The very scientifically-named “nocturnal penile tumescence” is a very well documented phenomena. In laymen’s term, it simply means that you get a stiffy while you sleep. Actually, studies indicate that men get up to 20 erections per dream.

    Fact #8: Unbelievable sleepwalkers

      Sleepwalking is a very rare and potentially dangerous sleep disorder. It is an extreme form of REM sleep disorder, and these people don’t just act out their dreams, but go on real adventures at night.

      Lee Hadwin is a nurse by profession, but in his dreams he is an artist. Literally. He “sleepdraws” gorgeous portraits, of which he has no recollection afterwards. Strange sleepwalking “adventures” include:

      • A woman having sex with strangers while sleepwalking
      • A man who drove 22 miles and killed his cousin while sleepwalking
      • A sleepwalker who walked out of the window from the third floor, and barely survived

      Fact #9: Dream drug

      There are actually people who like dreaming and dreams so much that they never want to wake up. They want to continue on dreaming even during the day, so they take an illegal and extremely potent hallucinogenic drug called Dimethyltryptamine. It is actually only an isolated and synthetic form of the chemical our brains produce naturally during dreaming.

      Fact #10 Dream-catcher

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        The dream-catcher is one of the most well-known Native American symbols. It is a loose web or webs woven around a hoop and decorated with sacred objects meant to protect against nightmares.

        Fact #11: Increased brain activity

        You would associate sleeping with peace and quiet, but actually our brains are more active during sleep than during the day.

        Fact #12: Creativity and dreams

        As we mentioned before, dreams are responsible for inventions, great artworks and are generally just incredibly interesting. They are also “recharging” our creativity.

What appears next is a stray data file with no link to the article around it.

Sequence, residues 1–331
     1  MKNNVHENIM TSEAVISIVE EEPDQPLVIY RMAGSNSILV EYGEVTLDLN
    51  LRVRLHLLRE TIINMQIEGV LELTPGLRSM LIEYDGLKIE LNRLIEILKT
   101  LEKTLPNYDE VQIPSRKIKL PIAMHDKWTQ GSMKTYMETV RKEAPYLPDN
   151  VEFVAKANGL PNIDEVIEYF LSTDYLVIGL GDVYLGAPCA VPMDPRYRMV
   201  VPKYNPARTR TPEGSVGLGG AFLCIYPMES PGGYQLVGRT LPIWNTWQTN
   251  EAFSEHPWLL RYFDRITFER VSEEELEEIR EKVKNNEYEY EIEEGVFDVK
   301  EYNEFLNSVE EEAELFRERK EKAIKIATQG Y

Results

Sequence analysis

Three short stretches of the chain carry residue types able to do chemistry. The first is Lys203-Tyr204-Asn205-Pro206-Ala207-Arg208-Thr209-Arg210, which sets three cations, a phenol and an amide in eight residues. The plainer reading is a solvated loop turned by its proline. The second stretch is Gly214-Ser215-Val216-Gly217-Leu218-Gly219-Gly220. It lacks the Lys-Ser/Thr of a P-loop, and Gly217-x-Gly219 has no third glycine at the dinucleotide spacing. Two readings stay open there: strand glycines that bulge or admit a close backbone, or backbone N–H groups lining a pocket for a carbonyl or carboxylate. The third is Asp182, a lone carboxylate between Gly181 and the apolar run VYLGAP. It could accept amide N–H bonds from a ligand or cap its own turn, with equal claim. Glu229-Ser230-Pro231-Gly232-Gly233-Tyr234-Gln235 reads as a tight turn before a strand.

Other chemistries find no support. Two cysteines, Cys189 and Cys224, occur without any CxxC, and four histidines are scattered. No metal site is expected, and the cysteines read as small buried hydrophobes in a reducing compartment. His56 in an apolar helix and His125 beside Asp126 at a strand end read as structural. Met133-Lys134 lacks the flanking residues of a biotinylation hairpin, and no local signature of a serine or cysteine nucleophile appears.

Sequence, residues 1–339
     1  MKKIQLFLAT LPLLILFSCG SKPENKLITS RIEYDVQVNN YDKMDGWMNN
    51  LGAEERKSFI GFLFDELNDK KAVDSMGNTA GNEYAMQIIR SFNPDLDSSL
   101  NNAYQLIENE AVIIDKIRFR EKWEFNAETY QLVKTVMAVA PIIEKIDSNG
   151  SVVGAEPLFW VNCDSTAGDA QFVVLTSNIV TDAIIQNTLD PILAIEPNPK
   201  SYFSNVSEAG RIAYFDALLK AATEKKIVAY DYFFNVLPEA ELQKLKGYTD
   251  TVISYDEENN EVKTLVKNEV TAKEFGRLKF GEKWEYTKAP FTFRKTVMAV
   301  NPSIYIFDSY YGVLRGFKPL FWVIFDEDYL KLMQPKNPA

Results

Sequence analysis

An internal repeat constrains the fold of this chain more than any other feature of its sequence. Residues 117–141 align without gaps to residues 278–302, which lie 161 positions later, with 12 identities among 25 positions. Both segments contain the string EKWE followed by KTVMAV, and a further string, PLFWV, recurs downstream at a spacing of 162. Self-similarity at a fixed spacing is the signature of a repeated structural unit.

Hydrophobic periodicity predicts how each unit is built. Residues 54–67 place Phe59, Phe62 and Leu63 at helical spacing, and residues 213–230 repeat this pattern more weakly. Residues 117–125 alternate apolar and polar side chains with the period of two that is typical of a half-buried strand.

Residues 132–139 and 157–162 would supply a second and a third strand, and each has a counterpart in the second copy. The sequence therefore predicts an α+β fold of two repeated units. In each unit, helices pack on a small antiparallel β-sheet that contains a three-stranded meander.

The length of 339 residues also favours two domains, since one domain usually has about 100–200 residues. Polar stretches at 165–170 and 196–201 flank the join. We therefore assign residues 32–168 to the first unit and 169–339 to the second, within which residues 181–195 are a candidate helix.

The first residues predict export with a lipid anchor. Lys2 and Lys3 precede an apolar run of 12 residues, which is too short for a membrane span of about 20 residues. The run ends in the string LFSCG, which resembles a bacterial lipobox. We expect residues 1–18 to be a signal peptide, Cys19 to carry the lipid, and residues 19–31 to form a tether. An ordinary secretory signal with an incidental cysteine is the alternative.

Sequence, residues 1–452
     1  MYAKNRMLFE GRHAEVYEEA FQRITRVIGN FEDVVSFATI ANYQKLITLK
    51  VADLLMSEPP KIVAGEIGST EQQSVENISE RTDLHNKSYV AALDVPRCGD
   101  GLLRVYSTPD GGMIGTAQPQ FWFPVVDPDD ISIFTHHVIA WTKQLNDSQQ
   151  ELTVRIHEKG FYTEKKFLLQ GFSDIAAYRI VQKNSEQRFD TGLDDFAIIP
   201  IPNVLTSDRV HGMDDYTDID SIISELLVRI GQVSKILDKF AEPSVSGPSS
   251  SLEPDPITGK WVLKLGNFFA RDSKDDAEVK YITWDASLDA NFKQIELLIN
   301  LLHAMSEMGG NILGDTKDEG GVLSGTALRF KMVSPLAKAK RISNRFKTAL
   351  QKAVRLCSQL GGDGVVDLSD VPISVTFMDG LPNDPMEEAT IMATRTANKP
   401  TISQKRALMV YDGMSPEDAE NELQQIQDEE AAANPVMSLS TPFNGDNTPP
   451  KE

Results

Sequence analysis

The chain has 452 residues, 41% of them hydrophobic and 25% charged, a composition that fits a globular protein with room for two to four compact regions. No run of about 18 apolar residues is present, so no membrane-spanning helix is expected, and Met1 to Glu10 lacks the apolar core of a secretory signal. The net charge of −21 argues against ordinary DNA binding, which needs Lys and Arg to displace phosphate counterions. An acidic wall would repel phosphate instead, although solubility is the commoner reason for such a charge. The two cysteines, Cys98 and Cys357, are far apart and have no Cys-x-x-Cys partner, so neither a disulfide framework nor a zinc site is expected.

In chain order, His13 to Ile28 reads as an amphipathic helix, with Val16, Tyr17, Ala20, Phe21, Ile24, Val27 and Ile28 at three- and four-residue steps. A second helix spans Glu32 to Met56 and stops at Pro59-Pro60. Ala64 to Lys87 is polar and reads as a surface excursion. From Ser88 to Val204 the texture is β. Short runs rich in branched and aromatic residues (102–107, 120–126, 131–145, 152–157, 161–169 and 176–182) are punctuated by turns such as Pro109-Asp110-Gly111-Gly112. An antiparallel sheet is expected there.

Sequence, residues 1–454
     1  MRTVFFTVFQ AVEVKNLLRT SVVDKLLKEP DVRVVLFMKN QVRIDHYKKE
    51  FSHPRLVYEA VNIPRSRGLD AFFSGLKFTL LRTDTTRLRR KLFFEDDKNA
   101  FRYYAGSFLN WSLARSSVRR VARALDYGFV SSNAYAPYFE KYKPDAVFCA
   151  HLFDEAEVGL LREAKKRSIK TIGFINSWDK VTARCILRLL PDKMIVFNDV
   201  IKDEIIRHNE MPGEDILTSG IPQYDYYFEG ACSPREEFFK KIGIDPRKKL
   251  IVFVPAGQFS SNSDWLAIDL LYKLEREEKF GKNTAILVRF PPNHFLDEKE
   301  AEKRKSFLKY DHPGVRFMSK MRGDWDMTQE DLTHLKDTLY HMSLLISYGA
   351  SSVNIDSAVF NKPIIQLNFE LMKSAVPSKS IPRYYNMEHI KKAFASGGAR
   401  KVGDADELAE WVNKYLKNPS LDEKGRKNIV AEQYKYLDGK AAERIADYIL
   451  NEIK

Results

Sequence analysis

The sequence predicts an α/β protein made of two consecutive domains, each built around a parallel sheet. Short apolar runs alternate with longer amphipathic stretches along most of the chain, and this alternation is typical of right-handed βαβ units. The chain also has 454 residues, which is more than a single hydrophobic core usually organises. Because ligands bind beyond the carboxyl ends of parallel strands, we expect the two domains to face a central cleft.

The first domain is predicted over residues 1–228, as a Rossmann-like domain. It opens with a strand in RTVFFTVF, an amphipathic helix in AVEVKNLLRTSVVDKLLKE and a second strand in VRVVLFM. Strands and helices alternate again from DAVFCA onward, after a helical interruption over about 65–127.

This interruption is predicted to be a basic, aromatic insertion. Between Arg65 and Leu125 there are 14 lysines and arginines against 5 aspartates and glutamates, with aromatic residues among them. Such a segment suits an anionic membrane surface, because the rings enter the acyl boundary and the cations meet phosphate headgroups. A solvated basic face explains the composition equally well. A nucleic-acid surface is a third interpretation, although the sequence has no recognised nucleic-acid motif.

Scientists also say that keeping a dream diary helps with creativity.

        In rare cases of REM disorder, people actually don’t dream at all. These people suffer from significantly decreased creativity and perform badly at tasks requiring creative problem solving.

        Fact #13: Pets dream too

          Our animal companions dream as well. Watch a dog or a cat sleep and you can see that they are moving their paws and making noises like they were chasing something. Go get ’em buddy!

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          Fact #14: You always dream—you just don’t remember it

          Many people claim that they don’t dream at all, but that’s not true: we all dream, but up to 60% of people don’t remember their dreams at all.

          Fact #15: Blind people dream too

          Blind people who were not born blind see images in their dreams but people who were born blind don’t see anything at all. They still dream, and their dreams are just as intense and interesting, but they involve the other senses beside sight.

          Fact #16: In your dreams, you only see faces that you already know

            It is proven that in dreams, we can only see faces that we have seen in real life before. So beware: that scary-looking old lady next to you on the bus might as well be in your next nightmare.

            Fact #17: Dreams tend to be negative

            Surprisingly, dreams are more often negative than positive. The three most widely reported emotions felt during dreaming are anger, sadness and fear.

            Fact #18: Multiple dreams per night

            You can have up to seven different dreams per night depending on how many REM cycles you have. We only dream during the REM period of sleep, and the average person dreams one to two hours every night.

            Fact #19: Gender differences

            Interestingly, 70% of all the characters in a man’s dream are other men, but women’s dream contain an equal amount of women and men. Also men’s dreams contain a lot more aggression. Both women and men dream about sexual themes equally often.

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            Fact #20: Not everyone dreams in color

            As much as 12% of people only dream in black and white.

            Featured photo credit: Unsplash via unsplash.com